Chondromalacia Patella is the degeneration of the cartilage between your patella and femur. Your kneecap, which sits over the front of the knee joint, glides over the Femur as your knee bends or extends. Chondromalacia Patella (also called “Patellofemoral Syndrome”, “Runners Knee”, “Patellar Tendinitis” or “Jumpers Knee”) begins when the kneecap does not move properly and rubs against the lower part of the femur.

There can be various causes for this occurrence:

  • The kneecap is in an abnormal position(also called poor alignment of the Patellofemoral joint)
  • Tightness or weakness of the muscles on the front or back of thigh
  • Flat feet
  • Too much physical activity that places extra stress on the kneecap (such as running, jumping, twisting, skiing, soccer, heavy leg extensions, load bearing squats with a bounce at the bottom, and using competitive knee wraps habitually using a tight placement which applies extra pressure to the patella and makes it rub harder against the femur).

Symptoms of Chondromalacia Patella are pain behind, below or on the sides of the kneecap being more noticeable while climbing up or down stairs, performing deep knee bends, standing for long periods and running downhill.

Prepatellar Bursitis

Prepatellar Bursitis is the common cause of swelling and pain on top of the kneecap. The bursa are thin sacks filled with the body’s own natural lubricating fluid. The bursa are very thin slippery sacks that are situated around our joints to prevent muscles, tendons and skin from catching on bony surfaces throughout the body. When there is trauma, repetitive use or injuries to the knee, the bursa can swell and either fill up with blood or fluid, which in turn causes pain and swelling of the knee. If the trauma is associated with a tear in the skin the bursa can become infected, this is called infected bursitis.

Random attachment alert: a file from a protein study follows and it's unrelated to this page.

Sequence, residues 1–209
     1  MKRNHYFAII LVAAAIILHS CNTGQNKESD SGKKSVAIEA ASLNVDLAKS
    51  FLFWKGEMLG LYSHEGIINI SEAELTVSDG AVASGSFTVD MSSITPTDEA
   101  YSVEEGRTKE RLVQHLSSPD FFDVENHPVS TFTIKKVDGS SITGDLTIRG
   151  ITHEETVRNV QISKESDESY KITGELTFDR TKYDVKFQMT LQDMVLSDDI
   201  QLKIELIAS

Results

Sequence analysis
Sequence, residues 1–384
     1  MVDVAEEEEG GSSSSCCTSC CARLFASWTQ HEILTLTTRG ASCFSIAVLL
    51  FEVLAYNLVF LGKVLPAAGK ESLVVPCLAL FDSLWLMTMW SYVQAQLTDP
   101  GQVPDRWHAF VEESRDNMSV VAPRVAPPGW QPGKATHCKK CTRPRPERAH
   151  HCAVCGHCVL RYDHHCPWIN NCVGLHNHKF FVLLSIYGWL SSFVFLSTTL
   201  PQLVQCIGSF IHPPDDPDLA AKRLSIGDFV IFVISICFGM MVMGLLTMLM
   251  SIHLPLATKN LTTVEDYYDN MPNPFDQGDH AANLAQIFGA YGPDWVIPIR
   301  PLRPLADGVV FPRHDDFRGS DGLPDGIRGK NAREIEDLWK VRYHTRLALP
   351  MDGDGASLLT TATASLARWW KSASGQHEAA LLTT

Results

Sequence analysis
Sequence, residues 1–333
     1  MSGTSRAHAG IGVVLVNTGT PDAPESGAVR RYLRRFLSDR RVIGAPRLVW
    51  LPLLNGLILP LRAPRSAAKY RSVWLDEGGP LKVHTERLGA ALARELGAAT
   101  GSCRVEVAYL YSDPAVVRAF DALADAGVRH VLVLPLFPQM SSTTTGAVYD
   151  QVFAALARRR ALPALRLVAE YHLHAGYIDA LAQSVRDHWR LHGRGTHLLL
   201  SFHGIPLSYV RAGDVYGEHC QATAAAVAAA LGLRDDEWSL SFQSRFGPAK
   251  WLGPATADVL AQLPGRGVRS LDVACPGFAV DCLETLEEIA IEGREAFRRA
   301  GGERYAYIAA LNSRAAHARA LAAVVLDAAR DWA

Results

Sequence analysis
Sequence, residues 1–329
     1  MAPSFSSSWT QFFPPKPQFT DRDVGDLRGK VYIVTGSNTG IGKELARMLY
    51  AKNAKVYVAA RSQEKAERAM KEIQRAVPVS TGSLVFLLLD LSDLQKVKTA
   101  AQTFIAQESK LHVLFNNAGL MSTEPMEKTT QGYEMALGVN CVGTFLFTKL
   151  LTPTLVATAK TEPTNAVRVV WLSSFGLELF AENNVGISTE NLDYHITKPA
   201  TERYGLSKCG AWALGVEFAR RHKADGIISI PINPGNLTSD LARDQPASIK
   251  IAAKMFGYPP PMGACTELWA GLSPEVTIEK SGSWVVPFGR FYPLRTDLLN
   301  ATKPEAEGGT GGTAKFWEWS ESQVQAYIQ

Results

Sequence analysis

Common causes for bursitis are trades and professions such as carpet layers, housemaids and any other repetitive activity that puts you in a daily kneeling position for extended periods of time. A sedentary lifestyle has also been reported to increase the possibility of developing prepatellar bursitis.

Symptoms of Prepatellar Bursitis are:

  • Swelling over the kneecap
  • Limited motion of the knee
  • Painful movement of the knee

Bursitis of the knee can be treated by draining the bursa sac and in cases where infection is possible, an antibiotic is prescribed. In mild cases, simply resting the site along with ice therapy and anti-inflammatory medication may work just fine.


1. Collado H., Fredericson M., Patellofemoral pain syndrome. Clin Sports Med. 2010:29:379-398

2. De Cardo M, Armstrong B. Rehabilitation of the knee following sports injury. Clin Sports Med. 2010:29:81-106

3. Steiner T., Parker RD., Patella subluxation and dislocation. DeLee and Dree’s Orthopaedic Sports Medicine 3rd ed.

4. Clark, J. M. (1990). “The organization of collagen fibrils in the superficial zones of articular cartilage.” J Anat 171: 117-30.

5. Mechanics of human joints” Physiology, Pathophysiology, and treatment. Unsworth, A. 1993

6. Basic Orthopaedic Biomechanics, Second Edition, Van C. Mow, Wilson C. Haynes, 1997

7. Medial Collateral Ligament Tears, Cedars-Sinai, 2012, a 501(c)(3)

8. Arthroscopic repair of traumatic longitudinal meniscal tears, K Roeddecker, G.D. Giebel, C. Lohscheidt and M. Nagelschmidt, 1993, Vol 7 Num 1

9. Meniscus tear recovery time, Benjamin Wedro, MD, FACEP, FAAEM, 2012

10. Bursitis, The Basics, What you should know about bursitis, 2012 Carol Eustice, ASCP, ARHP

About the Author

Felix Doval is the founder and owner of Pro-Active Wellness, a leading South Florida Health and Fitness education provider whose curriculums are taught using the private training facilities of Active Bodyz Fitness Training located in Davie Fl.Felix holds a Master Certification with the NFPT, and is NSCA and NAHF certified. He is a graduate of a two year Natural Health Consultant program at Stratford Career Institute in Washington DC, and from the Professional Career Development Institutes’ Professional Fitness and Nutrition program in Atlanta, GA. His advanced knowledge includes multiple specialty studies in the fields of diabetes, heart disease, arthritis, lung disease, and osteoporosis. He has directed and developed wellness programs around the nation and is currently responsible for developing, staffing and coordinating the NFPTs’ worldwide workshop division.


These resources are for the purpose of personal trainer growth and development through Continuing Education which advances the knowledge of fitness professionals. This article is written for NFPT Certified Personal Trainers to receive Continuing Education Credit (CEC). Please contact NFPT at 800.729.6378 or [email protected] with questions or for more information.